Want to eat fruit on a keto diet? Here is the complete, one and only list of keto fruits you will ever need.
Just for the reminder, the main rule of thumb of a keto diet is carbohydrate and sugar restriction (click here to view the complete keto diet guide). Unfortunately, most fruits have quite a lot of sugar and carbs. Fruits are, after all, candy from nature. This makes them fall into the “grey-area” type of foods on a keto diet.
There are probably a few questions running in your mind now. Can you eat fruit on keto? If you can, then what are the keto approved fruits? How often can you eat these keto friendly fruits and in what amounts? What’s the best time to them? What’s the most keto friendly fruit of all?
I know these questions can go on and on. But I’m also sure that this guide will answer them all. Let’s get started.
The list of allowed keto fruits isn’t very long but it’s enough to let you have some healthy diversity and a variety of tastes without consuming tons of sugar.
Unless you are on a very strict keto weight loss program (and need to stay below 20 g of net carbs), you can eat a small portion of these keto fruits daily (about 100-150 g).
The list of “grey-area” keto fruits is a bit longer and more diverse. These fruits are OK to consume in small amounts, around your workouts or on your carb-up days.
Keep in mind that it’s quite easy to exceed the allowed 20 g of daily carbs if you eat these “grey-area” fruits. That’s why if you are on a strict keto diet plan and want huge weight loss, you need to count fruit carbs against your daily intake.
In most cases you can have a very small portion (about 50 g or less) of these fruits almost every day.
The list of the forbidden keto fruits is a bit long. If you are serious about a keto diet, I recommend totally avoiding these fruits or having them once in a blue moon (on your carb-up days or before important races if you are an athlete).
In most cases even a very small amount of these fruits will exceed 20 g of carbs and probably kick you out of ketosis (and any fat burning).
Many of the processed types of fruits (dried, dehydrated or canned), in addition to be naturally high in sugar, often have added sugar as well.
When it comes to juices, almost any fruit juice (except for lemon juice) is simply the “worse” and less keto-friendly version of fruits it’s made from. Fruit juices always have more carbs and sugar than whole fruits (which also have fiber). They are in the liquid form so it’s quite easy to drink too much of them.
|Cherries (dried, sweetened)||78|
|Cranberries (dried, sweetened)||77|
|Goji berries (dried)||64|
It’s recommended to avoid these fruits or fruit products on a daily basis. It’s best to leave them for your cheat day or carb-up days.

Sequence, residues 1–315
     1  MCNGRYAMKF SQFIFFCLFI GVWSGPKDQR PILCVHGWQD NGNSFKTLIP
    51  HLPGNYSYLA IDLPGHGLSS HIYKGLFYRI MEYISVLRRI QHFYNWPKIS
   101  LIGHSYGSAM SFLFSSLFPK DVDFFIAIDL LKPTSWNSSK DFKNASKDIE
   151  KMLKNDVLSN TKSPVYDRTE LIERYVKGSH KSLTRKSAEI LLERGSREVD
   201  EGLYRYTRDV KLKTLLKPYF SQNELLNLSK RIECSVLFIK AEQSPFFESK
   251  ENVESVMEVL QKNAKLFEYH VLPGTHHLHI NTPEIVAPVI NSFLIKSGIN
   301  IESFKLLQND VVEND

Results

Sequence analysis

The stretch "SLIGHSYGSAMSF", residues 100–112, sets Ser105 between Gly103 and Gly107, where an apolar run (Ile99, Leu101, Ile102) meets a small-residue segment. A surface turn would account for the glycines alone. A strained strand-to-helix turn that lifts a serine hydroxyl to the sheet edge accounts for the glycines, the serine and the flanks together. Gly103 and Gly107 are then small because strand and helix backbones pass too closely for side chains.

Yes, it’s true that fruits have a lot of carbs and sugar (fructose) which can quickly knock you out of ketosis. However, many fruits are rich in various vitamins, minerals or fiber that is vital to your health. What’s more, fruits have been (at least seasonally) with humans for millions of years.
So is it possible to kill two birds with one stone when it comes to fruits on a keto diet? Yes, it is and here are the top tips that will help you do just that.
I always suggest focusing on the keto-approved fruits only and adding them to various meals and recipes. The keto-friendly fruits listed above are low in carbs so most of you can have 100-150 g (3.5 – 5.2 oz) of them every day.
You can add them to your shakes, desserts, keto cakes or just eat them separately. Mixing a handful of berries with heavy whipping cream (sweetened with stevia) will make a delicious dessert. You can add keto-approved fruits to your sweet keto waffles or omelette. There are so many ways to eat them that you will never feel limited or restricted.
If you are doing the stricter version of a keto diet, I recommend counting fruit carbs against your daily intake. If you aim at below 50 g of net carbs, you obviously have more freedom. However, even if you do the 20-gram version, you can still have half an orange, grapefruit or apple (about 10 g) and be OK.
If you aren’t really into counting macros and calories (just like me), you don’t need to do this with every meal or piece of food you put into your mouth. Just make sure to count carbs from fruits and stay below 20-30 g daily and you will be in ketosis (and keep burning fat).
If you don’t have a kitchen scale, that’s no problem. There are lot of websites or apps that will show you the average weight of food items and their nutritional facts. I recommend FatSecret to quickly look up certain foods.
If you want a lot of success with your keto diet, I suggest you become strategic about it. There are certain types of foods you should avoid on a daily basis but there are also certain times when it’s good to have… some of them. I am talking about the forbidden keto fruits, of course.
If you are an athlete a day before an important race (a marathon, for example), feel free to have a bunch of grapes or a banana to have more energy.
Have you been doing keto for many weeks in a row and feel fatigued? Maybe it’s time for a carb-up day and your favorite freshly squeezed orange juice.
Are some fruits available only seasonally where you live? Cherries, for example? If cherries are seasonal in your place and you like them, then don’t avoid them. Go to the nearest market, buy 2 pounds of them and eat all of them.
A keto diet is about eating real (and healthy foods) and listening to your body. This is what our ancestors used to do. They often lived for months without any fruits. But when fruits became available in summer months, our ancestors ate a lot of them and that’s what you can do as well.
Do you like this keto fruit list? Do you find it helpful? Do you want me to add some fruit or product to it?
Feel free to add your comments below or contact me directly. I would love to hear from you. If you find this list helpful, please share it with your friends and help spread the word.